What grabs the attention of shop-pers on the run? Stop them in their tracks with eye-catching themes such as NASCAR or the NFL. “Make your promotion part of your overall plan for the category,” says Bill Walker, product director for McLane Co. Inc., Temple, Texas.

Retailers want profitable candy promotions that do not leave them holding the bag (or bar). “We are see-ing a trend toward promotions that feature everyday product so when the promotion ends, product can be moved to the shelves,” says McKenzie.

Four weeks is the standard time frame for candy promotions if the retailer follows 13 four-week periods, or one month if going by the calen-dar. This, McKenzie says, reflects a change from what in the past were two-week promotional periods.

Location can make or break the contribution of that extra display. Her-shey has a thermal map that shows the hot (and cold) store spots for candy promotion based on customer traffic. Anywhere close to checkout, such as a nearby endcap, near the coffee/bever-age or foodservice area, is a “hot” spot for impulse candy sales.

“We have product under the front of checkout counters, on checkout counters, inline and in coolers,” says Santiago of Thorntons. Green Valley Grocery has a secondary placement of Hershey on a smaller rack on the front counter. West says his stores have floor placements, a small gum or change maker at the register area and a small floor waterfall rack for gum and manager promotions.

Counter spinner trees, power wings, pallet displays: There are plenty of possibilities for adding sec-ondary or even tertiary placements of candy promos in stores. However, it is not always easy to drop a shipper somewhere in the sales area. For the space-starved retailer, making room inline can work but usually means something else has to go. This move can be worth it for the bottom line.

“Secondary locations for top- selling candy items deliver solid, incremental volume,” says Laura Lee Larson, vice president of global education and certification for the Category Management Association’s Certification Evaluation Board, based in Wimberley, Texas. On average, a top seller placed in a secondary site outside the main set will see a 16% jump in volume, she says. Place that same item at the front counter and lift will be around 50%.

Retailers need to determine if the “juice is worth the squeeze” for stores with multiple placements, according to McKenzie: “Will multiple placements increase category sales or simply shift the point of purchase?” Keeping sec-ondary sites filled with product brings labor into the picture. However, if you believe additional placements will increase sales, try using dump bins and cooler-door hangers to avoid pushing out another product.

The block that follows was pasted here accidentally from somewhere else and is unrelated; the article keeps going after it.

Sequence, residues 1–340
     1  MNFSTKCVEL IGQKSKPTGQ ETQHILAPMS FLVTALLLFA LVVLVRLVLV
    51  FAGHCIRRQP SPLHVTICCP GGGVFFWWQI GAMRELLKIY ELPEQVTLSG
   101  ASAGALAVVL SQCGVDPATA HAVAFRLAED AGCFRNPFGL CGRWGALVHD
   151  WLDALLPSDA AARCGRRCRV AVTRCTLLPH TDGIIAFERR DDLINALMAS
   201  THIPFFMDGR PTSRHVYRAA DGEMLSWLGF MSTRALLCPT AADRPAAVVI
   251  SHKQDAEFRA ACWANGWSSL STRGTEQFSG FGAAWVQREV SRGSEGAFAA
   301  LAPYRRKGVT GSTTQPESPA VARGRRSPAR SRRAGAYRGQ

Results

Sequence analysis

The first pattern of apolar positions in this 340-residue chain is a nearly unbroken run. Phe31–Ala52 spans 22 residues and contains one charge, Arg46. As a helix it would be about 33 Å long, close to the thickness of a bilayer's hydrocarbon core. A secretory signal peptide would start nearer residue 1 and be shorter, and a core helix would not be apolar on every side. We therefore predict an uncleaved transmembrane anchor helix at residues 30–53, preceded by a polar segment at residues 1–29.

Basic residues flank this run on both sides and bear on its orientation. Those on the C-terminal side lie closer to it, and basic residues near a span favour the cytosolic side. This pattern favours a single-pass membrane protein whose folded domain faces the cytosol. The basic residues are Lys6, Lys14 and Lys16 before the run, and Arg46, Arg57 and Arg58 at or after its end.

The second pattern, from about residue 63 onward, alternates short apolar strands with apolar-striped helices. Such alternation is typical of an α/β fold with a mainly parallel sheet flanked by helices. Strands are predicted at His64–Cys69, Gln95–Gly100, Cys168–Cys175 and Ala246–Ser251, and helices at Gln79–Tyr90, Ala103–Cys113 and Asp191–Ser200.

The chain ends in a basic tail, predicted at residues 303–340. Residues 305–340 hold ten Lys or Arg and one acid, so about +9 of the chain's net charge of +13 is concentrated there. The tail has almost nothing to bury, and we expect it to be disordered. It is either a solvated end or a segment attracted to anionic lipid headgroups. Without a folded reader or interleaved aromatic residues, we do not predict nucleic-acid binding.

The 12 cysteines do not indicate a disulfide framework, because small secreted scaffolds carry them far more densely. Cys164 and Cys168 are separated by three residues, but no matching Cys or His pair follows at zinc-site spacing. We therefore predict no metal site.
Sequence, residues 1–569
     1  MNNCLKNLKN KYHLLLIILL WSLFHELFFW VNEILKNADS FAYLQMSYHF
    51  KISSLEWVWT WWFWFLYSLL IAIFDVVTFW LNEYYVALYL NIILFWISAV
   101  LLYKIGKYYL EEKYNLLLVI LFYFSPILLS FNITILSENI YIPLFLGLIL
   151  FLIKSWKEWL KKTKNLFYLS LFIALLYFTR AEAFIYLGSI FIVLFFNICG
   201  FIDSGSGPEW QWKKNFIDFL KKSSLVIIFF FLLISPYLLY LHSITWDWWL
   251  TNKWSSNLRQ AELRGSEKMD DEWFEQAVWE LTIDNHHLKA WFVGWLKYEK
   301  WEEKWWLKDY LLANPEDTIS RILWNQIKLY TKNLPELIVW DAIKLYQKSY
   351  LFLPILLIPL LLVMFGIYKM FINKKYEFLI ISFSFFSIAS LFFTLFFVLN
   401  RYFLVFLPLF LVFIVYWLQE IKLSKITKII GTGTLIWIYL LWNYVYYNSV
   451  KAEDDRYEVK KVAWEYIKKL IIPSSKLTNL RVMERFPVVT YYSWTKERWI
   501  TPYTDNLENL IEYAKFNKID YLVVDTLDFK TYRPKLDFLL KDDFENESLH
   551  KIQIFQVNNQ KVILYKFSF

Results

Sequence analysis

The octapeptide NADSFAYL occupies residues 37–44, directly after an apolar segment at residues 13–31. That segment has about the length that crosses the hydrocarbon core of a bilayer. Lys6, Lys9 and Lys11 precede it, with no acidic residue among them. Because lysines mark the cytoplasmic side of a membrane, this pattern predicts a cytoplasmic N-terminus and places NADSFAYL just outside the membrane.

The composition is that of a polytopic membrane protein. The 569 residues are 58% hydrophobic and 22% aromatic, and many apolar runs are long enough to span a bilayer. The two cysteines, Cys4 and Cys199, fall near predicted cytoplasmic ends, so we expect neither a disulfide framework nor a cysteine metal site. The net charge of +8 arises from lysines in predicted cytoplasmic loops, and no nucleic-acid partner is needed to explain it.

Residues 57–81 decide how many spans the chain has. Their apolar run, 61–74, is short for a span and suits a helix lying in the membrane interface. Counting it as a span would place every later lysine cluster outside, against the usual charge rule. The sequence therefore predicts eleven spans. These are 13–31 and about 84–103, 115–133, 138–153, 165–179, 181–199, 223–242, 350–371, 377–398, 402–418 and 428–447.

Off-shelf displays are effective in driving additional sales, says Tamar Bernbaum, consumer-marketing director for Bazooka parent company Topps Inc., New York. “In our experi-ence, displays can generate a 60% lift in sales,” Bernbaum says.

Use candy as a basket-building cat-egory, says Hershey’s Krull. Fill counter units or endcaps with a good mix of the “best” brands. “The goal of these secondary placements is to maximize volume, and with a variety of best brands you ensure that there is at least one brand that nearly every shopper that walks by will purchase,” he says.

Most candy manufacturers pro-vide temporary fixtures for candy sales. “Many promotions from Mars Chocolate include shippers or counter units, so there is no need to remove existing product,” says Larry Lupo, vice president of sales for con-venience & retail, Mars Chocolate North America, Hackettstown, N.J. He suggests using signage to draw attention to the promotion.


Sometimes candy promos take off; other times they stall.

“If the retailer is confident that the product is in full distribution and no outside factors like weather, supply dis-ruptions, etc, are affecting sales, don’t hesitate to exit the product,” McKenzie says. “The most common mistake is to suffer ‘death by a thousand cuts’— such as moving the product around in the store, taking small markdowns or doing nothing. It’s better to take a big markdown, say 50%, for a limited time and then write off or return remaining product and use it as a learning experience to support better decision- making in the future.”

Most retailers have bitten that bullet. “During a promotion, retails and programs will move product, but if not, we’ll liquidate at a much cheaper retail after the initial promotion. This usually does the trick,” Santiago says.